Certain portfolios may have similar investment objectives and policies and, in some cases, similar names to retail mutual funds managed by the same manager. The portfolios named are not the same funds as the retail funds. As a result, specific investments may be different and investment results may be higher or lower. While all funds involve some risk, including possible loss of principal amount invested, there may be additional risks to consider when investing in certain types of funds or certain types of asset classes that comprise a fund’s portfolio. Below are some common risks associated with certain funds; however, these may not be all of the risks associated with investing in the funds. For information on specific risks associated with the funds available in your contract, please see the fund prospectuses.
[A] Foreign Securities and Emerging Markets Risk. Investments in foreign securities involve special risks, including changes in currency rates, foreign taxation and differences in auditing standards and securities regulations, political uncertainty and greater volatility. These risks are magnified in emerging markets.
[B] Small Cap and Mid Cap Companies Risk. Risks associated with investments in small and mid cap companies include less publicly available information, higher volatility, and less liquidity than investments in larger companies.
[C] Concentration Risk. Investments concentrated in specific industries, market segments, regions or securities may be subject to increased share price volatility.
[D] Debt Securities Risk. Investing in Bond funds or funds that invest any of their assets in debt securities exposes the Policyowner to the general risks of investing in debt markets, such as interest rate, credit, and prepayment risk. Generally, when interest rates rise, bond prices fall, and when interest rates fall, bond prices rise. Therefore, an increase in interest rates would decrease the value of a bond fund's holdings. The ability of an issuer of a debt security to repay principal prior to a security's maturity can cause greater price volatility if interest rates change. Credit risk is the risk that a bond issuer will default by failing to make the required payments on its debt obligations.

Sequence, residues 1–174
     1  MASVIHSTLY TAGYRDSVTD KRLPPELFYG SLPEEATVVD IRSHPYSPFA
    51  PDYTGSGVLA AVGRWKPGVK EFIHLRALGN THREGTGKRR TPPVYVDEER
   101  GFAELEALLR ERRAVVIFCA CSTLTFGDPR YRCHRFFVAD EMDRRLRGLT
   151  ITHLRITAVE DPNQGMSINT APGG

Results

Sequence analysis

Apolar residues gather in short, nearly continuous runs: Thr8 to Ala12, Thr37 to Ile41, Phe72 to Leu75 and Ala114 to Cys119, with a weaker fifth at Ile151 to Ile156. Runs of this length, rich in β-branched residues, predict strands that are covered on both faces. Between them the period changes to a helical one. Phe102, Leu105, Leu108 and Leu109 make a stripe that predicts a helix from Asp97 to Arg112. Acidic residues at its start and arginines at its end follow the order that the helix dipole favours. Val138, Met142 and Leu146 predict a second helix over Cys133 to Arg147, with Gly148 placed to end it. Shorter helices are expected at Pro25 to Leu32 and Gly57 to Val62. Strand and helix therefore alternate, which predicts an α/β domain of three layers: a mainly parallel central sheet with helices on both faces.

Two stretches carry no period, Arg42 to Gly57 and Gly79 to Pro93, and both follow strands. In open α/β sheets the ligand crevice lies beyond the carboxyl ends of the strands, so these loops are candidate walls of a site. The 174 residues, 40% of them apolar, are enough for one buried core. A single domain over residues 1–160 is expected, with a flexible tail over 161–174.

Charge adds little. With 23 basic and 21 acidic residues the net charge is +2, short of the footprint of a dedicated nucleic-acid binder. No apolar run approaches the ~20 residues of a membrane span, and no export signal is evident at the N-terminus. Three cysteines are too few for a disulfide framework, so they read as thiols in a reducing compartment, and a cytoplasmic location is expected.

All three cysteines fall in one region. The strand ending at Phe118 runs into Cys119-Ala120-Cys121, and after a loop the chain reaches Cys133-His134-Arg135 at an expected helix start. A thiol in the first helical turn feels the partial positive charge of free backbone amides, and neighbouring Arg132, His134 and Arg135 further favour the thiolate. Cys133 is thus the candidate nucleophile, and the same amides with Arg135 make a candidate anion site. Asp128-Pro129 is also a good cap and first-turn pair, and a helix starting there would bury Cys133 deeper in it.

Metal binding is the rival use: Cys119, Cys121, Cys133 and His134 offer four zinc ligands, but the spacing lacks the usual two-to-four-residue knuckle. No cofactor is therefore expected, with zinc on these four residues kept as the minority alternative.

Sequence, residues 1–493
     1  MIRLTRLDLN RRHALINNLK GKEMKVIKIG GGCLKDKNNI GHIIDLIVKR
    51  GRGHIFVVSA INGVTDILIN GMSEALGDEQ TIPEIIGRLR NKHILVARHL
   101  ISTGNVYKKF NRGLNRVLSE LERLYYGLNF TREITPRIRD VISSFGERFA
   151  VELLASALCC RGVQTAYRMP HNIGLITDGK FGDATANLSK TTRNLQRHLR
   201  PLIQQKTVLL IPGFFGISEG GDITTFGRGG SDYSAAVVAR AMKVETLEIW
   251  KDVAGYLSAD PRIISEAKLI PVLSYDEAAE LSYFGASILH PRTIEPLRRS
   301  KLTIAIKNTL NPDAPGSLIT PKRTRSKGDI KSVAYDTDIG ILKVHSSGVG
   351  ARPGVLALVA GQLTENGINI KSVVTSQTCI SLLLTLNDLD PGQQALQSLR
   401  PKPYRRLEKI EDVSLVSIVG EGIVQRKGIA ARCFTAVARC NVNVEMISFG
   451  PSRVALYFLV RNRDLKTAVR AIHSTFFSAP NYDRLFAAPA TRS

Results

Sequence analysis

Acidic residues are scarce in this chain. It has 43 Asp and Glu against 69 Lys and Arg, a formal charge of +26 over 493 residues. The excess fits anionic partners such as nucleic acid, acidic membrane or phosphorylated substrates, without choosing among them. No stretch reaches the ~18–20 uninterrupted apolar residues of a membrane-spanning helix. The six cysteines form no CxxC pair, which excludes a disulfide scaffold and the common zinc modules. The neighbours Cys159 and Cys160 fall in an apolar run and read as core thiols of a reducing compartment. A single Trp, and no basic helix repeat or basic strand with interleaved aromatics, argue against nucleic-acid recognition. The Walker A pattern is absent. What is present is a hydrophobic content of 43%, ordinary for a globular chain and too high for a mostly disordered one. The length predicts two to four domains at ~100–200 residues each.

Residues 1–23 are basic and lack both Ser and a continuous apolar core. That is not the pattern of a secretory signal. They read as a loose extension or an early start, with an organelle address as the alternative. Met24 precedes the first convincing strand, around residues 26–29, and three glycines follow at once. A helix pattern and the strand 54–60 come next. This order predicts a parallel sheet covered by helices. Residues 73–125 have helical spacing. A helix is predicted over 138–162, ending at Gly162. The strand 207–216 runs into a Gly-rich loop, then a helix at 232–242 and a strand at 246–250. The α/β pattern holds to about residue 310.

[E] High Yield Debt Securities Risk. Investments in high yield bonds or lower rated and unrated debt securities are subject to greater credit risk and price fluctuation than investments in higher-rated securities.
[F] Derivatives Risk. Since the value of a derivative instrument derives from an underlying asset, the use of derivatives involves risks different from, and possibly greater than, the risks associated with investing directly in the underlying assets. Derivatives can be highly volatile, illiquid, and difficult to value.
[G] Alternative Risks. Investing in alternative asset classes involves special risk because they may be highly speculative and leveraged or may use various hedging techniques, like options and derivatives. Hedging techniques could increase losses since they are not reflected in historical standard deviation measurements. Also, there may be unique tax implications if the fund is traded in foreign markets and may be highly dependent on the manager's techniques for investing and selecting appropriate risk. Often, alternative asset classes are subject to less regulation than publicly offered investments because alternatives are not registered under U.S. Securities laws or similar laws in other countries.